“We don’t really expect the Soviet-time industrial giants and even large 20-year-old companies will rush to buy a robot because of the hype,” explains Viktar. “Rather, we bank on “hardware” startups, especially where high precision is essential, such as in manufacturing of laser and medical equipment. We often hear them complain that it is difficult to assemble a prototype manually.”

Who will sign for a robot in the safety and health log?

According to the stratupers, the “slow” 8-kilogram robot can’t harm a human. Its maximum speed is less than about 2 m/s (it could have been faster, if not for the limits set up by the developers). In addition, the PULSE robot has an intelligent safety system.

“Every servo includes an encoder that senses the torque at which the motor rotates. Besides, there are special safety mechanisms. In our robot, it’s a special safety board that monitors each of its servo motors. In case of an accident, the board will stop the robot, switching it to the emergency mode,” says the company’s CEO.


Who will sign for robots in the health and safety log? “It’s grown enough to do this on its own,” jokes Viktar. “Joking aside, robots are machinery, so it is the integrator and the final point of contact who bears responsibility for it. Rozum Robotics plans to sell and install its first robots on its own, whereas the rest of the world works through dealers.”

Should workers fear unemployment because of robots?

The startupers estimate that the payback period for the PULSE robot is 6 months: average labor costs in Europe amount to 4,000 Euro a month, tax inclusive, which makes 24,000 Euro a year—more than the cobot costs.

“Since a cobot can work three shifts without stopping to have a smoke, you can triple the amount,” adds Viktar.

In Belarus and Russia, where the workforce is cheap, the payback period will sure be different. According to the team, workers are wary of robots, because they don’t know what to expect from them.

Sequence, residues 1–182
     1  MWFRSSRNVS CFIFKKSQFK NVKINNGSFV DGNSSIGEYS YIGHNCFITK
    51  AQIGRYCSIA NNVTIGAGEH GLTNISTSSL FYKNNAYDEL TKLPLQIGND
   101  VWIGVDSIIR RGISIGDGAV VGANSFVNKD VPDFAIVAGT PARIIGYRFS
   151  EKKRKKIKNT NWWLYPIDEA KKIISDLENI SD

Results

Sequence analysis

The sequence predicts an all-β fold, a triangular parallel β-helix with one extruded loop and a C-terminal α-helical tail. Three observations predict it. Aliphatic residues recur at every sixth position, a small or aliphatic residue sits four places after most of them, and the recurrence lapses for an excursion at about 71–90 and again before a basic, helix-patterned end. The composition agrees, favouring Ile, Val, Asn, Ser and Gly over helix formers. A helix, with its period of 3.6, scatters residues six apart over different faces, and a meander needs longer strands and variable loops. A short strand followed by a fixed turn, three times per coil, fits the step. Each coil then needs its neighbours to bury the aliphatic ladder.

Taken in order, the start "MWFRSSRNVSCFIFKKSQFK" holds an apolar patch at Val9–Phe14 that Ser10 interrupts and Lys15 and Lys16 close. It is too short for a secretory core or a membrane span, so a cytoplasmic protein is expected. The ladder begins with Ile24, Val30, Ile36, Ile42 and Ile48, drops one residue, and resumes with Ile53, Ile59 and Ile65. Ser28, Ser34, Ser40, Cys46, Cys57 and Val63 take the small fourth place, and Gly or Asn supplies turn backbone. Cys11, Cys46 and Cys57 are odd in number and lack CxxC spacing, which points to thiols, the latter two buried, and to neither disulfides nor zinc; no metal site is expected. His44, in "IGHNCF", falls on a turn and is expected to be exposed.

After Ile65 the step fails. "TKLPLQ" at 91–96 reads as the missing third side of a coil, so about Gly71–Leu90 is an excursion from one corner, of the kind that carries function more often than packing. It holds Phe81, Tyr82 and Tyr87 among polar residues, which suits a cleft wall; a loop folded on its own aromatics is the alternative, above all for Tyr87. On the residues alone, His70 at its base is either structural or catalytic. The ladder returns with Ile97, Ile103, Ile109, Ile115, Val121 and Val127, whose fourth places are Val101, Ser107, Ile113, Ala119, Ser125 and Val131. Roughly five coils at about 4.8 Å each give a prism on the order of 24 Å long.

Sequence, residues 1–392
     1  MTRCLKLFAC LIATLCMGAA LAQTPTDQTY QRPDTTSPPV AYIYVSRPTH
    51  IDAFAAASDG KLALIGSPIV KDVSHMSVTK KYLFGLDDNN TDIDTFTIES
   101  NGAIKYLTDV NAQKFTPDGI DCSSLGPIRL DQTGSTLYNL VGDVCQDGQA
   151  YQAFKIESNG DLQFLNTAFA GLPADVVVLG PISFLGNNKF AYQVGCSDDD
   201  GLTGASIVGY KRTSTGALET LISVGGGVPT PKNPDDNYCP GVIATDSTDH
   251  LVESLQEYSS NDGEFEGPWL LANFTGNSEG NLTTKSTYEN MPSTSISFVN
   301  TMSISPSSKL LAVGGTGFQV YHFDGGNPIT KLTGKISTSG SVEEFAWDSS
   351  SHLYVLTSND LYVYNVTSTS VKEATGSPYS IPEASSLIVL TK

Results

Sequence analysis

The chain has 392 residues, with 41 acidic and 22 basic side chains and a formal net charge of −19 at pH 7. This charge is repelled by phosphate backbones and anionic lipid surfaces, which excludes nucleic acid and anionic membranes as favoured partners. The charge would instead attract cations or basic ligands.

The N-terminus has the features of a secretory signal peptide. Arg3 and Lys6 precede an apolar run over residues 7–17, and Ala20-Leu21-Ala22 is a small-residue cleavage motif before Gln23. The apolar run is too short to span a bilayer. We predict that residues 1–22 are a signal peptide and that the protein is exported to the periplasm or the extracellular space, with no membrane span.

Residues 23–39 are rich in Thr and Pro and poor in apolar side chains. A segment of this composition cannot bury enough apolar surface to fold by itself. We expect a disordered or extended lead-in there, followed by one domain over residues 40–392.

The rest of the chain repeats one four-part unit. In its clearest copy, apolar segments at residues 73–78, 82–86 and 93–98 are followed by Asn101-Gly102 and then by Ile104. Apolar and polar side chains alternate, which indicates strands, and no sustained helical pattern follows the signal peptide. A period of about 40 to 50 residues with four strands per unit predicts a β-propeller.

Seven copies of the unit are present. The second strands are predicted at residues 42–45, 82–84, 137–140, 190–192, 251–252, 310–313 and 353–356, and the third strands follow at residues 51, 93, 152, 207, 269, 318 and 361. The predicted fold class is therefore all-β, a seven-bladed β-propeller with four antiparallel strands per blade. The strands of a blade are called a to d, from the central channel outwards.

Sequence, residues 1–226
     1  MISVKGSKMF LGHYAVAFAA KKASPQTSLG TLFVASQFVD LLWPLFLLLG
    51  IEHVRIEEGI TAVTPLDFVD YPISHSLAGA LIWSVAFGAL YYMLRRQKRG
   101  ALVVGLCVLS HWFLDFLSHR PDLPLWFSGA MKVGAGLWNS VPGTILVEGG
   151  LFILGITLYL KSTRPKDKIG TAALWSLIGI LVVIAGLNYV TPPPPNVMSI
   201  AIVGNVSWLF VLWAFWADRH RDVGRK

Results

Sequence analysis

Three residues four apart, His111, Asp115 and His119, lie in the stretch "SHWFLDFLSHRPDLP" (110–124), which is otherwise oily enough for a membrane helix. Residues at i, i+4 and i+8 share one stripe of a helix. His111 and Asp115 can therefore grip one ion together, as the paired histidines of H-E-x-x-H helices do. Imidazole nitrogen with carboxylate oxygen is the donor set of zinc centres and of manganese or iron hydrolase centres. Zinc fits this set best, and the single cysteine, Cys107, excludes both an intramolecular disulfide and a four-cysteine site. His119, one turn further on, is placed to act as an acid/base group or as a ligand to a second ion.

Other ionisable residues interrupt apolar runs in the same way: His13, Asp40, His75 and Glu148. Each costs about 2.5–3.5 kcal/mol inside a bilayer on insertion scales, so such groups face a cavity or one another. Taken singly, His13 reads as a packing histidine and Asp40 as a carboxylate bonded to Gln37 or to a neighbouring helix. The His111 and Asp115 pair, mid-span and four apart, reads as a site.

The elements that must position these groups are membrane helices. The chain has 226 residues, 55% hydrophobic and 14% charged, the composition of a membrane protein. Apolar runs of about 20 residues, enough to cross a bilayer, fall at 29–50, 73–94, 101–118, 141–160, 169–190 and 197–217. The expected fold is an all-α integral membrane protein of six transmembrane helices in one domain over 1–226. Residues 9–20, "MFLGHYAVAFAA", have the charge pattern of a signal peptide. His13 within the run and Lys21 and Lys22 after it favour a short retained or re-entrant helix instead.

“Our mission is to tell people that cobots are not about unemployment, chaos, or Apocalypse, but rather about benefits,” says Andrei Shaurko. “It will let them engage in more complex and creative jobs, no round things to move or square things to roll.”

“A hundred years ago, about 90 percent of people were engaged in agriculture,” emphasizes Viktar. “Were it not for the tractor invention, the Rozum Robotics team would probably be working in the fields right now.”

Will automation affect software engineers?

Automation in IT is in full blast,” speculates Viktar. “Take, for example, quality assurance. Humans still write test cases, but they also use algorithms to run tests cyclically several times a day, which cope with the task better than humans. I am not sure when robots will actually start programming, but, in my opinion, automation will first affect those software engineers who build standard applications out of framework blocks. Accordingly, those who develop the framework blocks will be the last ones to be replaced by robots.”

The future is now

Viktar thinks we all live in a wonderful time: the hardware and software (the latest artificial intelligence solutions) will soon merge to get us a robot that we saw in books only. It is hard to tell yet whether the robots will be good or evil, as Elon Musk fears, but the humanity will sure find a way out.


The bookcase in the Rozum Robotics office is packed with books about robotics and cognitive psychology.

“This is my hobby—the science that studies how the human brain develops, from childhood to adulthood,” explains Viktar Khamianok. “How it learns to see things, to hear, to read, to understand, and think. When I look into the processes, I try to figure out how this could help us with our robot. Our robot already has a camera and can play checkers with a human, using a self-learning neural network. Our plan for the next 3–5 years is to learn him to see and think. I believe, we’ll finally switch to making smart robots, the ones that can do something beyond the exact commands.”